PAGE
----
If you’re wondering how the HPV DNA test works, you’ve landed at the right place. The test proves to be quite useful in detecting 24 high-risk HPV types with the help of PCR technology. In this article, we will learn about this technology, its working principle and its effectiveness in identifying HPV infection in women.
Polymerase Chain Reaction (abbreviated as PCR) is one of the most revolutionary technologies in molecular biology. It has such a profound impact on scientific advances that its creator, Kary B. Mullis was awarded the Nobel Prize for Chemistry in 1993.1
PCR technology revolves around the detection and multiplication of small and specific segments of any desired DNA. Simply put, it is used to find the needle in the haystack of the DNA present in the cells.
At LifeCell, we use the Real-Time PCR technology to check for the presence of high-risk HPV strains that may cause cervical cancer. It is known as the most sensitive method to detect cervicovaginal HPV.2
While the conventional PCR process quantifies the amount of target HPV DNA at the end-point, the real-time variation measures and reports the results after each amplification cycle. The use of RT-PCR enables easier, rapid and precise detection of the target HPV genotype in real-time and report the results for quick analysis.3
PCR's entire cycle procedure is automated and can be finished in a matter of hours. It is controlled by a device known as a thermocycler, which is set to change the reaction's temperature every few minutes to enable DNA replication (the process where the DNA makes a copy of itself).4 The entire cycle is repeated as many as 20 or 30 times, which results in the creation of over a million exact copies of the sample.
The Taqman Probe Chemistry-based RT PCR method used in the lab is highly specific and used fluorescent dyes to analyse the amount of target HPV target genotypes. The PCR technology amplifies a DNA segment through three distinct temperature-controlled steps.5
HPV is one of the most frequently sexually transmitted infections. It is also the major cause of cervical cancer. However, it develops in a gradual manner and might not display any apparent symptoms that can be detected by the Pap Smear test.6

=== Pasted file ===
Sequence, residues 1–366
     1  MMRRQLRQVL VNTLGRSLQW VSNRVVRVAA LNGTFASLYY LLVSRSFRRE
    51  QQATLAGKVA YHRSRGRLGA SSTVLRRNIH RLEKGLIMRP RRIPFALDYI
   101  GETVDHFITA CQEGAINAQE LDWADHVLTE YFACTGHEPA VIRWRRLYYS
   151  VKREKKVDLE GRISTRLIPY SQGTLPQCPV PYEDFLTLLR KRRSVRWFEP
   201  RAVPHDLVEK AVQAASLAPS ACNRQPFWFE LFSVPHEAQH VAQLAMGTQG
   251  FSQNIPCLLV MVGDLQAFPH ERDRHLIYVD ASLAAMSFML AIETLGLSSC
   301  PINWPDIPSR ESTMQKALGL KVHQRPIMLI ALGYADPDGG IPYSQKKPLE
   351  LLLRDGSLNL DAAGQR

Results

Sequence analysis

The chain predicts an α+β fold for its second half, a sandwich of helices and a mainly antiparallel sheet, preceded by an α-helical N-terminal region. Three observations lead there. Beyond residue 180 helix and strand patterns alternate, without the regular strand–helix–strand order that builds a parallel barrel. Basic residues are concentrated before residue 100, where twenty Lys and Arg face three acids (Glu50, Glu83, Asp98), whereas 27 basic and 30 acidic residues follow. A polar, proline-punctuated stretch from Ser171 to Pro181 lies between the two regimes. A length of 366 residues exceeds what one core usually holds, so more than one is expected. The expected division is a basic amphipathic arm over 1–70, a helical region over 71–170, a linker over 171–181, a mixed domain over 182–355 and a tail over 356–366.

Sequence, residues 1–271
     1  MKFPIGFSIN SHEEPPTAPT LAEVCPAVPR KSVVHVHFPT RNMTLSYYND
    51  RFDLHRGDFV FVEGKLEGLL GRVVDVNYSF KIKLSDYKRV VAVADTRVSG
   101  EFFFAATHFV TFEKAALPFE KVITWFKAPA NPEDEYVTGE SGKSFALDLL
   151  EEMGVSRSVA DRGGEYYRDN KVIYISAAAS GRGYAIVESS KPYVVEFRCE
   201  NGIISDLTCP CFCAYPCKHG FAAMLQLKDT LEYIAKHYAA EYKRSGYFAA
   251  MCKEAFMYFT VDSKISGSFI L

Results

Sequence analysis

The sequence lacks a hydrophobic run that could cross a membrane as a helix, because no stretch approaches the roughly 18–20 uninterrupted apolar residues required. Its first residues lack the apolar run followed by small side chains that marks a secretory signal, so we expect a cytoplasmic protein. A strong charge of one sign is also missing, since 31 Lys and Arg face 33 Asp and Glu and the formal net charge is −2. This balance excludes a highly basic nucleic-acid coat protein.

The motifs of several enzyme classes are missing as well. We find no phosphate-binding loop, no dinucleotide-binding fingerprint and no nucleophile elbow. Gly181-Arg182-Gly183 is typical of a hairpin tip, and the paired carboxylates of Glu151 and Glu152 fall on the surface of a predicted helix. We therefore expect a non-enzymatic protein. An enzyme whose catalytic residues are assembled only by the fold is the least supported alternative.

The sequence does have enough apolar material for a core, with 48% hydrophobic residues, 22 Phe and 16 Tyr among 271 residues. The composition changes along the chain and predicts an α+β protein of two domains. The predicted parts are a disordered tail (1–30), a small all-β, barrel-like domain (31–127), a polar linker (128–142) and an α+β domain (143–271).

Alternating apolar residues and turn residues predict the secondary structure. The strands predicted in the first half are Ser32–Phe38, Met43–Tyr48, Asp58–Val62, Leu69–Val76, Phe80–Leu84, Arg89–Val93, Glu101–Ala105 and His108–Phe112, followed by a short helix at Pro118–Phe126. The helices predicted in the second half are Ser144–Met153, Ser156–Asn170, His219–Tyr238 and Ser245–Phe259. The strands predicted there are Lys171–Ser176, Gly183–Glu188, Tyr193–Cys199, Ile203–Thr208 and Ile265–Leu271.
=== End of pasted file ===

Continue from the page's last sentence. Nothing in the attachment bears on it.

PCR technology has multiple benefits for HPV testing. It helps detect the HPV virus as well as classify the strain causing the infection. An HPV DNA test done using PCR technology provides objective results that leave no scope for confusion.7 LifeCell’s HPV DNA Test uses this technology to screen for 24 high-risk genotypes including HPV 16 and 18 which are mainly responsible for causing 70% of cervical cancer cases.8
Therefore, a PCR test is not only useful to detect the presence of HPV but also for differentiating HPV strains and identifying the exact one.9 This can be of great help in choosing the right course of treatment and eliminates the need for invasive techniques like colposcopy to get answers related to HPV.7
WHO recommends regular screening for cervical cancer through HPV DNA Tests for women aged 30 and above at an interval of 5 to 10 years. They also add that self-collected samples can be used for HPV DNA testing.10
In simple terms, PCR technology works as a photocopying machine, but on a molecular scale to amplify DNA. It has multiple applications in the field of biotechnology. One of the notable applications includes the HPV DNA Test.
PCR helps detect the presence of HPV and amplifies the virus present in the sample. The results provide an accurate analysis of samples for the detection of HPV infection. “LifeCell’s HPV Test - Female” detects the exact genotype for major high-risk HPV strains which leads to cervical cancer (HPV 16, 18 & 45). In addition, the results will notify the presence of HPV infection in the case of 21 other high-risk HPV strains that can also lead to cervical cancer through PCR technology. Hence, the test equips you with accurate and ample information related to HPV infection for treatment.